Insider's Guide to New Orleans: A Master Class in Alco-Tourism
“There are three things New Orleaneans like,” said Nicholas Manuel, my host for a recent trip to Southern Louisiana. “Day drinking, dressing up in costumes and dancing in large groups.” My friend’s native knowledge was asserted later in the day, when we joined up with merrymaking amateur dance troupe 610 Stompers on their June BallCrawl, dubbed Uptown Throwdown.
The look on this particular weekend was “neon 80s workout” — the Stompers and their hundreds-strong retinue wore an eyeball-searing raiment as they delivered choreographed routines all across town, backed by a bomber sound system in the bed of a pickup truck. Though only an elite few can dance their way into the Stompers themselves (their motto is “Ordinary Men, Extraordinary Moves”), all are welcome to follow the flotilla from bar to bar and drink and dance along to the beat.
Early afternoon found the parade docking at Le Bon Temps Roule, a casual bar-venue legendary for pre-5 PM partying. Though it rained off-and-on all day, the intermittent soakings dampened BallCrawlers’ spirits not even a little. “It’s like college,” I remarked offhandedly to Nicholas, watching a hula-hooper leap a mud puddle to complete a flying high-five with a mustachio’d bro clad in booty shorts and a headband. He gave me a look. “If you learned to drink in college,” he said seriously, “Consider New Orleans grad school.”
Bourbon Street may hold the hurl-scented scepter of alcoholic excess in New Orleans, but the real expert-level drinking goes on elsewhere in the city, away from the toasted tourists and shrieking bachelorettes. As we traveled the byways of the Big Easy from the Irish Channel to Frenchmen Street, key features that distinguished expert drinking parlors revealed themselves — hallmarks of the graduate level that made patrons happy and owners cool cash.
Nosh & Hydrate
At both casual BBQ restaurants like The Joint and breezy dives like the Half Moon, getting your grub on means heading to the counter to order and pay all at once. Throw the counterman a couple bucks, sit your butt down and wait to hear your number. It’s a fast, labor-saving system that guarantees clueless drunks or shifty types won’t walk out before laying out the cash for their late-night snack.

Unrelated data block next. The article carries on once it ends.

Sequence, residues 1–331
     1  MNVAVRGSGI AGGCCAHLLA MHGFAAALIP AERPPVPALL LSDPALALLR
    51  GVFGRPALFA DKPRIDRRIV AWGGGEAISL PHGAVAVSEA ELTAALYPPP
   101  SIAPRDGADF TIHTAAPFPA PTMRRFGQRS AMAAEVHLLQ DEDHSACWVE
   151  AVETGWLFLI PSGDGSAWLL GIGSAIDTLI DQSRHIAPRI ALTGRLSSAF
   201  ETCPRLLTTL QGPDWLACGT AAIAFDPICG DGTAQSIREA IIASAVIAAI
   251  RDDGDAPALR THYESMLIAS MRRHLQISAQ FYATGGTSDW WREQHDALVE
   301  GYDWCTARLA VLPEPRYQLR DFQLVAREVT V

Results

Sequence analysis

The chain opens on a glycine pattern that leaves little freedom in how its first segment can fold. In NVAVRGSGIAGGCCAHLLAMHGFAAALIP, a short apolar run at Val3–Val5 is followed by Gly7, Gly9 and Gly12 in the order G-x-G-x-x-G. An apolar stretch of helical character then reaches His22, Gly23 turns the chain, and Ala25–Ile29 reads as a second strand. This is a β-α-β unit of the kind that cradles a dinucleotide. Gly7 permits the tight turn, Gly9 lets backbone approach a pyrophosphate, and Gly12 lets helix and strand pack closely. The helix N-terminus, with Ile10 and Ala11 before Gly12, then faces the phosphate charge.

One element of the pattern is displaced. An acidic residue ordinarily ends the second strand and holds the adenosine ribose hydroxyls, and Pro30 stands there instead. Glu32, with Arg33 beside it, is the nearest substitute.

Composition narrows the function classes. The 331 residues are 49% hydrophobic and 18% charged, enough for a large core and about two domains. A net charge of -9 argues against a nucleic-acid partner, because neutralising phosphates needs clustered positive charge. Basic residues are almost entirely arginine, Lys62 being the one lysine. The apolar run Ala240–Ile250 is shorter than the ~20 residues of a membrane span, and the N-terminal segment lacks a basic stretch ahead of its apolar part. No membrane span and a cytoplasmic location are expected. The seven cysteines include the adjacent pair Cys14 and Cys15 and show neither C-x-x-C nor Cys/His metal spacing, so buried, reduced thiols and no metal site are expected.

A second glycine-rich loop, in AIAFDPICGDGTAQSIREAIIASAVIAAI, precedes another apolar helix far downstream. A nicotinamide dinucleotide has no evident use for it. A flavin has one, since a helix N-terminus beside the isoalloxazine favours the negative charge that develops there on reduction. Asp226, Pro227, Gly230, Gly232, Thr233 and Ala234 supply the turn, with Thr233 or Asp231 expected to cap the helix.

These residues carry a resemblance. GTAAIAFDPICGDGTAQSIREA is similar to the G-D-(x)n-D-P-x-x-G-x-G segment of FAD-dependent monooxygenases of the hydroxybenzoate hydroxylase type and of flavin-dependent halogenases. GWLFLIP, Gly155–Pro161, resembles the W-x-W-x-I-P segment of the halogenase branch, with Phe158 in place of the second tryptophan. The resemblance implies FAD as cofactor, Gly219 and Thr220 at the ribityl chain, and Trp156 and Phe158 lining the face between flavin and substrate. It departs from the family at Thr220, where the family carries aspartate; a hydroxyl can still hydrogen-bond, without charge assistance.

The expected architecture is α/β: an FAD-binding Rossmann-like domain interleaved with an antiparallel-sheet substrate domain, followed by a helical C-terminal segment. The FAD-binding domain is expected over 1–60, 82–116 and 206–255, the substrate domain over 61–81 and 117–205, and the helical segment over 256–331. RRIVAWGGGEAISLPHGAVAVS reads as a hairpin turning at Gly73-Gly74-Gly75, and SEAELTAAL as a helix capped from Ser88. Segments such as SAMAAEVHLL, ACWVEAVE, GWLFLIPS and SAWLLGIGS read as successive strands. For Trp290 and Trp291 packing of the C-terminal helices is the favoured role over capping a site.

When good draft brews and shots run an average of $4, smart publicans make sure guests can re-hydrate and stay to spend more. Rather than tie up busy bartenders, classy dives like R Bar plant a construction-style spigot cooler and cups on a counter and let you water yourself.
Located at the crux of several freight rail lines (hello, crustpunks), NOLA hosts many a temporary resident and busloads of tourists, all sweating damply into their threads. At Check Point Charlie’s, those who lack laundry can transform a boring chore into a two-hour bender with washers and dryers right in the bar.
Dine & Sip
If slumming with an Abita in hand isn’t your thing, you are in a city where cocktails are practically a religion; the better NOLA bartenders exhibit an overarching deft hand with difficult ingredients like absinthe, amari and bitter liqueurs, and pairing their admixtures with food. Elegantly hip Sylvain serves an unabashedly rich, signature plate of braised pork shoulder that had been picked over, formed into cakes and seared crisp. Their Supafly Snucka concotion of Wasamund’s rye, green chartreuse and ginger ($10) cut neatly through the fat of the pork shoulder with nary a medicinal note.
After dinner at buzzy big-sister bistro Lilette, the Aviation gin, green walnut liqueur and lemon juice of the Nocino Sour ($10) at Bouligny Tavern is the ideal bridge from swanky supper to a dirty funk foray. Fridays are all about Big Sam at the Blue Nile, but it’s hard to go wrong on Frenchmen Street.
Though pros pace and drink water all night, hangovers are inevitable. Seriously restorative brunches can be found uptown and in the Garden District at Surrey’s. Poured liberally over pornographically good biscuits, Surrey’s mushroom gravy lacked none of the umami-thrill of its sausage-spiked coursin and was only $6. Like the stoner brother of the most popular girl in school, Cochon Butcher is a helluva lot easier to get with than restaurant Cochon, the toughest reservation in town. Layered with housemade charcuterie (lardo!) and sprightly olive tapenade, the Butcher’s hangover-killing muffuletta was almost too flavorful, totally over the top, and required a long nap afterwards — just like a master’s class weekend in New Orleans.
Le Bon Temps Roule (4801 Magazine St., Uptown, 504-895-8117)
The Joint (701 Mazant St., Bywater, 504-949-3232)
Half Moon (1125 St. Mary St., Lower Garden District, 504-593-0011)
R Bar (1431 Royal St., Marigny, 504-948-7499)
Check Point Charlie’s (501 Esplanade Ave., Marigny, 504-947-0979)
Sylvain (625 Chartres St., French Quarter, 504-265-8123)
Lilette (3637 Magazine St., Irish Channel, 504-895-1636)
Bouligny Tavern (3461 Magazine St., Irish Channel, 504-891-1810)
Blue Nile (534 Frenchmen St., Marigny, 504-948-2583)
Surrey’s (4807 Magazine St., Uptown, 504-895-5757 and 1418 Magazine St., Lower Garden District, 504-524-3828)
Cochon Butcher (930 Tchoupitoulas St., Central Business District/Loft District, 504-588-7675)